Texas Wesleyan Law Review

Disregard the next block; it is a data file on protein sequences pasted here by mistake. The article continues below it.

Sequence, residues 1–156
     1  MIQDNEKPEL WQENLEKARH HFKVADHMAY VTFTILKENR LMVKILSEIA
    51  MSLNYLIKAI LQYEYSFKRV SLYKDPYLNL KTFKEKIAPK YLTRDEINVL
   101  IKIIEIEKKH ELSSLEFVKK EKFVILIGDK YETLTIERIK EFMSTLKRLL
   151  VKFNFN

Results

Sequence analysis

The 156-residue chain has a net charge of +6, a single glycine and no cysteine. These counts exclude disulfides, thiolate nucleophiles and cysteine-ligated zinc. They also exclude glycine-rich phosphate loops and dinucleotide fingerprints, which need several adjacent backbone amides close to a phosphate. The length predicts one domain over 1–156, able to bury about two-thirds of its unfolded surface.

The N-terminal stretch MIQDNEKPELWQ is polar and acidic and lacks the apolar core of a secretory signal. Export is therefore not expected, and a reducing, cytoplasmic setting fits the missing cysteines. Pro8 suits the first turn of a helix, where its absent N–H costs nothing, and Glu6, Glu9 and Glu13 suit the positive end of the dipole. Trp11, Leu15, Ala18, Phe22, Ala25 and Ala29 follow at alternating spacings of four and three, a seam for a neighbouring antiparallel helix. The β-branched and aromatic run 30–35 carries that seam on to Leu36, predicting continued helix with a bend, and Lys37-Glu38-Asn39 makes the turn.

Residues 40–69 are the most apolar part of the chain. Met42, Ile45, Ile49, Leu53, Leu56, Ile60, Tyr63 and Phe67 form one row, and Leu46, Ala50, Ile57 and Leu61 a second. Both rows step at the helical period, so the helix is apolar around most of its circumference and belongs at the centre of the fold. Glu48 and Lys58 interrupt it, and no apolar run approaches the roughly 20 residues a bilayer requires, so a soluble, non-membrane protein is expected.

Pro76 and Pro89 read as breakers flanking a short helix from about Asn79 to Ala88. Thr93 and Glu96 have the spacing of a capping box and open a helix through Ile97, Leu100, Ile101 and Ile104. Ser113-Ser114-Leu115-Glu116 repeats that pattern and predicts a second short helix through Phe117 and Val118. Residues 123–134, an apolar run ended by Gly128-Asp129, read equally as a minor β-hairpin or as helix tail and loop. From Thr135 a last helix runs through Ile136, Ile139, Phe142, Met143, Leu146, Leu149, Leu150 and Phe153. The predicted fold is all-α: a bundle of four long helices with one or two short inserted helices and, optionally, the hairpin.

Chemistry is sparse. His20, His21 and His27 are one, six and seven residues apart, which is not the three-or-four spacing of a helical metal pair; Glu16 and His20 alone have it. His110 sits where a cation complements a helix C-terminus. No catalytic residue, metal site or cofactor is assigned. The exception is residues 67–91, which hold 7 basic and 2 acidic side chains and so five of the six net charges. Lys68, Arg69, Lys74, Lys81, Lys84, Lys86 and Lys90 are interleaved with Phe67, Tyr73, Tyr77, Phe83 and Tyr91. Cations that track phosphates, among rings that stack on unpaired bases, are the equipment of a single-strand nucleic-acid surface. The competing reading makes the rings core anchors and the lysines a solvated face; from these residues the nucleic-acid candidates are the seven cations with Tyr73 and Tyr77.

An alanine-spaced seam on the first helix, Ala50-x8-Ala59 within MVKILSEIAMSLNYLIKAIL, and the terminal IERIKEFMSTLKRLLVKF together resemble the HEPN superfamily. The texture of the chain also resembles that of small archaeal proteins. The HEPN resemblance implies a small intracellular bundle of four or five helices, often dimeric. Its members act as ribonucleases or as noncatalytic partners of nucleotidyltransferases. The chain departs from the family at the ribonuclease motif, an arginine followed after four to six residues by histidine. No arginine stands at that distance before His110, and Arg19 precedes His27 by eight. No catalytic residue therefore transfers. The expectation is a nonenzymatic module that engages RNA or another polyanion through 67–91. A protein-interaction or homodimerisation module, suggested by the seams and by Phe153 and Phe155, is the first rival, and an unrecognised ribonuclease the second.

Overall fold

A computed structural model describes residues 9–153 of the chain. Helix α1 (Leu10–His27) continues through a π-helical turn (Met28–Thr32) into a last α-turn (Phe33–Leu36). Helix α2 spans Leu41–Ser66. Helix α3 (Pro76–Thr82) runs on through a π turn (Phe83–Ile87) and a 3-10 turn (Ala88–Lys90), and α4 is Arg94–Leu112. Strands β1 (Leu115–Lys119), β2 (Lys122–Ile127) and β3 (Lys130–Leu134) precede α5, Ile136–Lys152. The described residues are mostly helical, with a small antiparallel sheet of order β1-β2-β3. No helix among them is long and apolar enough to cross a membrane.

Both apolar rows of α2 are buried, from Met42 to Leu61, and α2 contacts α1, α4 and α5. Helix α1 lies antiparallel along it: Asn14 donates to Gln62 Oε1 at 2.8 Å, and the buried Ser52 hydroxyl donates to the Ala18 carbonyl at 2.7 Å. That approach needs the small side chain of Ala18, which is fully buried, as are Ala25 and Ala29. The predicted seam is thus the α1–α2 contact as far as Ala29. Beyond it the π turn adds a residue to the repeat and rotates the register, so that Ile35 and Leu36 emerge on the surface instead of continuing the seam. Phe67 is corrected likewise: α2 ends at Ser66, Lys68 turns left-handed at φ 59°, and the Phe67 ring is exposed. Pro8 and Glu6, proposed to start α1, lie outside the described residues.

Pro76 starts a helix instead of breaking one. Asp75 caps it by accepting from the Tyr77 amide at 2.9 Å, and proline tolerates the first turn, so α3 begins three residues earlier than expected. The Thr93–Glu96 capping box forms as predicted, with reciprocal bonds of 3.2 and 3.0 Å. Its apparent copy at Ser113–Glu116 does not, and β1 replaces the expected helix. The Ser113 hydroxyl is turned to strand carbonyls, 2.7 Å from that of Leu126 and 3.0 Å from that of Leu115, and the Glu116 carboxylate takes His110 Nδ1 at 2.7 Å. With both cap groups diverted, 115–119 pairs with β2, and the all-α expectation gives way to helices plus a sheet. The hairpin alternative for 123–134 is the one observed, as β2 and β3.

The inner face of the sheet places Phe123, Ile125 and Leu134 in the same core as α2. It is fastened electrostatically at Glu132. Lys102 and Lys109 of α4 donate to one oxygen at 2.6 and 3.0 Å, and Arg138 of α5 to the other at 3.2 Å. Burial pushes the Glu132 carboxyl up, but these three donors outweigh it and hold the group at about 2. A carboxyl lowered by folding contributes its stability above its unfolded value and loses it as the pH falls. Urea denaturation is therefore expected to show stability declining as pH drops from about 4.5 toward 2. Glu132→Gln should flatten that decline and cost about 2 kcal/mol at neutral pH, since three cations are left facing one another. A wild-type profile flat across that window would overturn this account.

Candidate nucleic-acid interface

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Part I of this Article offers an introduction to some of the historical individuals and institutions who were the principal early advocates for Black reparations. While many have contributed to the struggle for racial reparations, the Essay focuses on activists who devoted significant effort to the cause; conceived of their vision in the language of reparations, i.e., recompense for slavery; and organized institutions or movements to implement their vision. Section II then situates these activists within reparations conceived as a social movement. It also teases out of the history some of the tensions and competing visions within the movement-over the legitimacy of U.S. legal institutions; between racial elites and non-elites; and ideological differences over the purposes of reparations, i.e., full citizenship or separate nationhood. Part III supplements this history by introducing the National Coalition of Blacks for Reparations in America (N'COBRA), which was founded in 1987 with the express goal of revitalizing reparations as a grass-roots movement that would simultaneously be attractive to mainstream Blacks. While N'COBRA has been largely overlooked in the legal literature on reparations, a social movements approach foregrounds its contributions to the modern reparations activism. Part IV then presents biographical narratives of seven members of the N'COBRA Reparations Litigation Committee. The Authors interviewed these seven, asking them about the political and personal influences that led them to become reparations activists and to join N'COBRA's Litigation Committee. (The questions we asked the interviewees are included as an Appendix to this Article.) Part V concludes with some thoughts about how incorporating a "social movements" approach to reparations activism and this case study of N'COBRA's Litigation Committee and its members both supplements and challenges the emerging legal history of reparations and, more broadly, the struggle for racial equality and human rights for Black people.



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